Finding that place inside ourselves where all the knowledge in all the books in all the world already exists as some exalted cry of realization, maybe that requires of us a plunging into the abyss of suffering and the despair that fills our world and has since humans first began this crazy organizational project we like to call civilization (though there’s not much that’s actually very civilized about the whole thing when you really look), and it’s only through that abyss that we can come to truly know ourselves and our world and what are lives really are. Or some such.

    • Edwin, I have only read about such things, and any experience I describe that sounds similar to the big awakening has no more than scratched the surface. But I’ll take what I can get.

  • Ha, I just saw that movie with my children last night (thank you, Netflix)! Dennis Quaid was hot! Drooling….

  • This is why I keep coming back here…thank you!

  • I keep having moments like this where I’m all ‘the emptiness…and the inarticulatable something something something is really true and I must seek it…MAYA!’

    Then everything gets fuzzy and I’m back where I started all super unenlightened.

    But I take it as a sign I only have 48 or so horrible torturous incarnations to go before my soul is freed to non-existence. I’ll probably spend the next 10 or so eating corn chips for dinner and renting TV shows from Netflix before I buckle down and join a monastery or whatever I’m supposed to do.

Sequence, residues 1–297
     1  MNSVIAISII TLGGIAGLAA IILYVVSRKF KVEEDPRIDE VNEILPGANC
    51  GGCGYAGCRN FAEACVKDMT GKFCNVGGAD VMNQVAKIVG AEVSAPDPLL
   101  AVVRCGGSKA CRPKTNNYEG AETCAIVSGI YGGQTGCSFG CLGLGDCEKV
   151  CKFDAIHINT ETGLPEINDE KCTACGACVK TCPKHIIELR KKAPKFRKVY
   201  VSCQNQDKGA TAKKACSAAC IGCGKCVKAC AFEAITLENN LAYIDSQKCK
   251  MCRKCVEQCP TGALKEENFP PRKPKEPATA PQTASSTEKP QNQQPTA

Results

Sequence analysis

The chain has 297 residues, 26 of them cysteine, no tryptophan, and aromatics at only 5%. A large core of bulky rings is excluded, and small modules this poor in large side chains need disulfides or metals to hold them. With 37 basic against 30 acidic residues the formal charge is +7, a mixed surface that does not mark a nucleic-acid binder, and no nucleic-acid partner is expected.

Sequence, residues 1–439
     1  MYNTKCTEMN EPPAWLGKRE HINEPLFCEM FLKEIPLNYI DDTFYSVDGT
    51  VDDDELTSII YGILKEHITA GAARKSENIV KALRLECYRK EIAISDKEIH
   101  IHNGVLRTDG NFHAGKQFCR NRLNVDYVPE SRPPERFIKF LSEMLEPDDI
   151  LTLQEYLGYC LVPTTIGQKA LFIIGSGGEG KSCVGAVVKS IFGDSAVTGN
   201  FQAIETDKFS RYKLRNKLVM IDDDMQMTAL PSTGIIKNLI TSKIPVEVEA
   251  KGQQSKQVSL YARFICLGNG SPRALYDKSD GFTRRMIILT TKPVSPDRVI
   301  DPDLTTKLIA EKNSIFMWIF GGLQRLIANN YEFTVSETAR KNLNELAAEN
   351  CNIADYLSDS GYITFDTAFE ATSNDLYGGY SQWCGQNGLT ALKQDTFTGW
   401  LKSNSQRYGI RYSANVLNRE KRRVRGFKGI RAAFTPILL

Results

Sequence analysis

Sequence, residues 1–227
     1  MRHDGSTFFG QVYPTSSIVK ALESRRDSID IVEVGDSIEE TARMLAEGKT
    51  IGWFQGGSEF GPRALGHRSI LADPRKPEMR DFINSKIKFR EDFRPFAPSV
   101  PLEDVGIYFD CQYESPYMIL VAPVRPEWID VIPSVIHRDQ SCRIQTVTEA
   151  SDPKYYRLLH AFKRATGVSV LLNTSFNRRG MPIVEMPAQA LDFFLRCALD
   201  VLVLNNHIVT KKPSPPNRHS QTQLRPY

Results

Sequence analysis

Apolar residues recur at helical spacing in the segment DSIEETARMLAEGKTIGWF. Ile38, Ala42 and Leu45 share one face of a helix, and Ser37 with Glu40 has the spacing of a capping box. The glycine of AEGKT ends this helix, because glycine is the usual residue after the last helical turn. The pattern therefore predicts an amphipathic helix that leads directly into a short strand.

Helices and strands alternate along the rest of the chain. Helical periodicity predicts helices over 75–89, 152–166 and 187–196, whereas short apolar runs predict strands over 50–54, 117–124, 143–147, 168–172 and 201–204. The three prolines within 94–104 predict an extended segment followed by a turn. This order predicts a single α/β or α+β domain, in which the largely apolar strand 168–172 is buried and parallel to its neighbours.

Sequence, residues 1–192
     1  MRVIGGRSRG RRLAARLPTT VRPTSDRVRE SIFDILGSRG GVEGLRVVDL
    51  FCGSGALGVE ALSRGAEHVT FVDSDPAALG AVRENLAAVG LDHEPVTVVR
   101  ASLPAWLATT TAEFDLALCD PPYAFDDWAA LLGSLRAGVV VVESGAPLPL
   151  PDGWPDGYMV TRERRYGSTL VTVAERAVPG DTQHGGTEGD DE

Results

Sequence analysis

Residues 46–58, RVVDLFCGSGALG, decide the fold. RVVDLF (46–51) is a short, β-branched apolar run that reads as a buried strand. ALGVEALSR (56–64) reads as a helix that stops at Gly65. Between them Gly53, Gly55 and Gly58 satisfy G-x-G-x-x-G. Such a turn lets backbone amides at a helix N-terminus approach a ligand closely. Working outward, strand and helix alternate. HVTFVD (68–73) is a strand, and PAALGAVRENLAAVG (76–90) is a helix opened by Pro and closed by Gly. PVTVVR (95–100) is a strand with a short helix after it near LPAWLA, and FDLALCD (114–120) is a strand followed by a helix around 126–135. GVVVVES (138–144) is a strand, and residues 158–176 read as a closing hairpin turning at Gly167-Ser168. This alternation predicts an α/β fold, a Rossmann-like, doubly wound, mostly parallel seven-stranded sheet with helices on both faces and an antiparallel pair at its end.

(And this a GREAT story. I love Kwai Chang Cain & I don’t care what anyone says. My 1970s dissolute actor story is when I saw Peter Fonda make some guy give him cuts in line at the Utah airport by the pure power of celebrity–but your story is way better.)

    • Ozma! You’ve seen it! You only have four or five incarnations to go. Maybe you can spend them in Hawaii. I will seek you there for spiritual instruction!

  • I like that you called David Carradine’s companion his “lady friend.” It reminds me of The Dude.

  • Okay…

    1. When David Carradine looked at you, I pictured you pulling a sword from under your seat and taking his ass down.

    2. Thank you very much for wrapping up why I have read your blog for years with this: “There is so much space within me! Ahh. I am more than an inflexible spine or a clenched heart; I have a universe inside that’s big enough for me and Raquel Welch to tease each other’s hair zero-gravity style.”

    3. I want to write like that when I grow up.

    4. Here? This place? It’s my Palmolive.

  • i keep grasping for those kind of awakenings. maybe grasping is an issue in them doing the spaghetti wiggle away from me.
    i had a few weeks of total zen “this is my life, bullshit and all, this is my life and that’s fine” about 4 years ago. felt it arrive and then, sadly, felt is slip away.
    great post.

  • Boy that made be crack-up! You are so funny! Thanks for sharing.

  • “Kwai Chang Caine erased my mind.” Okay I am going to admit that I actually don’t have any idea what that means, but it made me LOL so I felt like I had to leave a comment. If anyone wants to fill me in, cool. Plus you used a really great swear word at the end of the post which means you and I would probably get along… well really fucking good! Good luck with your book. Unfortunately I have a teen and a pre-teen… well, you know… I don’t mean unfortunately that I have them… but just that they’re probably too old for me to read and benefit from the book. But I wish you the best success anyhow! :-)